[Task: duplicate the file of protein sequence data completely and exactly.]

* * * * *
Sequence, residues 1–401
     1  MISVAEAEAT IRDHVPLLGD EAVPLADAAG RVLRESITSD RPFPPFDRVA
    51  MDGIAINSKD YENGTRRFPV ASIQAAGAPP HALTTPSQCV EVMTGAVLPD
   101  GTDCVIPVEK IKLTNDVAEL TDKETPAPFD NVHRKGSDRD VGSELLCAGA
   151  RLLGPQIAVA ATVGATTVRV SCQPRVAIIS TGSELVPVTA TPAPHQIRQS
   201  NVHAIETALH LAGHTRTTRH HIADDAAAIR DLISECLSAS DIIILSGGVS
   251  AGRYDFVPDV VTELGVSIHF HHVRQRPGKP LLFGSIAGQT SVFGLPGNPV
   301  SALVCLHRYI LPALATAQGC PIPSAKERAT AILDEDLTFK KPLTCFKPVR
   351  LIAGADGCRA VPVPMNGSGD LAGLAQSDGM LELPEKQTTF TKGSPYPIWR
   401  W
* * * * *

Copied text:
Sequence, residues 1–401
     1  MISVAEAEAT IRDHVPLLGD EAVPLADAAG RVLRESITSD RPFPPFDRVA
    51  MDGIAINSKD YENGTRRFPV ASIQAAGAPP HALTTPSQCV EVMTGAVLPD
   101  GTDCVIPVEK IKLTNDVAEL TDKETPAPFD NVHRKGSDRD VGSELLCAGA
   151  RLLGPQIAVA ATVGATTVRV SCQPRVAIIS TGSELVPVTA TPAPHQIRQS
   201  NVHAIETALH LAGHTRTTRH HIADDAAAIR DLISECLSAS DIIILSGGVS
   251  AGRYDFVPDV VTELGVSIHF HHVRQRPGKP LLFGSIAGQT SVFGLPGNPV
   301  SALVCLHRYI LPALATAQGC PIPSAKERAT AILDEDLTFK KPLTCFKPVR
   351  LIAGADGCRA VPVPMNGSGD LAGLAQSDGM LELPEKQTTF TKGSPYPIWR
   401  W